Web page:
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Google vs. Apple: Smartphone antitrust suit close to settling, sources say

A Google logo is seen through the windows

A Google logo is seen through the windows of Moscone Center in San Francisco during Google's annual developer conference, Google I/O, in San Francisco. (June 28, 2012) Photo Credit: Getty Images

Google Inc. is close to settling allegations by the U.S. Federal Trade Commission that it violated antitrust law by trying to block access to key smartphone-technology covered by patents it owns, according to three people familiar with the matter.

The FTC will probably announce this week it has reached a consent decree that would limit Google's ability to seek injunctions against competitors' products that rely on so-called standard essential patents, said the people, who asked not to be named because terms of the settlement aren't final. The decree would stop short of a complete ban on Google seeking injunctions against use of its patents where the company has agreed to license the technology on "fair and reasonable terms," the people said.

At issue are Google's efforts to block U.S. imports of Microsoft Corp. and Apple Inc. products by claiming the devices, which rely on industry-standard technology, infringe patents owned by Google's Motorola Mobility unit, the people said.

The FTC opened a formal probe into the matter in June, when it began seeking information from companies including Microsoft and Apple about whether Google offered licensing for technology under patents that help operate 3G wireless, Wi-Fi and video streaming on fair and reasonable terms, a person familiar with the matter said at the time.


"We take our commitments to license on fair, reasonable, and non-discriminatory terms very seriously and are happy to answer any questions the FTC may have," Adam Kovacevich, a Google spokesman, said. Cecelia Prewett, a spokeswoman for the FTC, declined to comment.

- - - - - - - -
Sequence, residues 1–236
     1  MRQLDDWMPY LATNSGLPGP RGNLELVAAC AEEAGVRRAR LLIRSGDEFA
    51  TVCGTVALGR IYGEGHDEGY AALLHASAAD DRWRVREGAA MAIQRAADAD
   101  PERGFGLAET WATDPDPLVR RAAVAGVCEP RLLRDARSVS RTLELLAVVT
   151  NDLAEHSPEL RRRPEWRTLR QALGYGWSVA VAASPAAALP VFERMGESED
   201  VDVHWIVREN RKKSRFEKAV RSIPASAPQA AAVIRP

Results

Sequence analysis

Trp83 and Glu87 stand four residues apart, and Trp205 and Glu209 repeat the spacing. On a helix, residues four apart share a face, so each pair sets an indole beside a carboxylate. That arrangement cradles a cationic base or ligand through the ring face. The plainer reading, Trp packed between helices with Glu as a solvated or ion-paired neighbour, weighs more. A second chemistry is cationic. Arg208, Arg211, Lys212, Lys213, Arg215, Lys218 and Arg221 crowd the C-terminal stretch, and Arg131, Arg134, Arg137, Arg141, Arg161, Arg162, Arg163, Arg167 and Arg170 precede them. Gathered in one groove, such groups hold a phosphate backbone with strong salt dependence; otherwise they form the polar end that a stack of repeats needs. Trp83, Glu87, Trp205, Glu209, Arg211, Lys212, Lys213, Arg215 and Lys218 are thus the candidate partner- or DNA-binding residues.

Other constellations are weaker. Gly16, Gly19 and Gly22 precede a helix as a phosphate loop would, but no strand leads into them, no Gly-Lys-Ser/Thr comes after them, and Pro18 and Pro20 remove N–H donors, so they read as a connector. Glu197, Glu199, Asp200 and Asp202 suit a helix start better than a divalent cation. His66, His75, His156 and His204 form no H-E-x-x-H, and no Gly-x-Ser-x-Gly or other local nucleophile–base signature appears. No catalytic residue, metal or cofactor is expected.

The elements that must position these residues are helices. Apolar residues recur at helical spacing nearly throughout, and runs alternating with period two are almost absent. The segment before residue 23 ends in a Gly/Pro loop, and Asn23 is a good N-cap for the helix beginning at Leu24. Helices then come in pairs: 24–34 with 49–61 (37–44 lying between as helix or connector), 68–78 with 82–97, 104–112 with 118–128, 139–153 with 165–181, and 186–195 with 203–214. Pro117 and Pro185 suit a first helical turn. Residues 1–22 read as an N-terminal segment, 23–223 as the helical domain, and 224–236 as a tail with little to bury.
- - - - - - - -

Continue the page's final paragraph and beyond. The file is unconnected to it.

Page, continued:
Industry-standard technology helps ensure that different manufacturers' products, such as mobile phone antennas and global-positioning system software, work together. Companies that create technology that helps develop the agreed-upon industry standard pledge to license patents for those inventions on reasonable terms.

The patents settlement doesn't address other issues the FTC has been investigating in a broader probe into whether Google's business practices in Internet search, advertising and mobile devices hurt competition, the people said.

The FTC's accord with Google appears to be less restrictive than its settlement with Robert Bosch last month, when it required Bosch to abandon claims for injunctive relief by SPX Service Solutions and ordered it to grant manufacturers licenses to key patents they need in order to compete, two of the people said.


Motorola Mobility is unlikely to get any injunctions against Apple or Microsoft in the U.S. in the next year even without any agreement with the FTC.

Its case against Apple was thrown out by a judge in Chicago who said the handset maker couldn't receive a court order when it involved standard-essential patents. An appeals court is still gathering legal briefs before it hears arguments sometime next year.

A federal judge in Seattle on Nov. 30 said Google couldn't use its standard-essential patents to block sales of Microsoft's Xbox video-gaming system or Windows operating system. Google hasn't yet filed the appeal in that case.

Google declined to give the antitrust division of the Justice Department a clear commitment to license the standard essential patents it obtained through its acquisition of Motorola Mobility in February, and to refrain from seeking injunctions, the division said when it approved the transaction.

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